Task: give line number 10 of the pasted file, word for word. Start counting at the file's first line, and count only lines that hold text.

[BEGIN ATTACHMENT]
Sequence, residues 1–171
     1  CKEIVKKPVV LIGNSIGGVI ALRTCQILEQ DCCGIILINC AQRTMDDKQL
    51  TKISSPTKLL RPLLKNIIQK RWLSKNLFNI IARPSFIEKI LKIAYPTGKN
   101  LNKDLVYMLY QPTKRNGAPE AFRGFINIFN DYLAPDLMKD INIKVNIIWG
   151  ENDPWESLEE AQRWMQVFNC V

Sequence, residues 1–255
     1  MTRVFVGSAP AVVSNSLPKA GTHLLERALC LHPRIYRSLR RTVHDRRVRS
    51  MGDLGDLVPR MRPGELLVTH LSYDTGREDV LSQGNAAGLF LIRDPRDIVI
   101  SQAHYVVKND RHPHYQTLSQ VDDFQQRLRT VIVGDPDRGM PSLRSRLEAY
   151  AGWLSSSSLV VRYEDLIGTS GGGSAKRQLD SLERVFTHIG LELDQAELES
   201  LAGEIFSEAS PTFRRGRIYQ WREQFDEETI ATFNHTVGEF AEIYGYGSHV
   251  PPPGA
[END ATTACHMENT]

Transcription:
   151  AGWLSSSSLV VRYEDLIGTS GGGSAKRQLD SLERVFTHIG LELDQAELES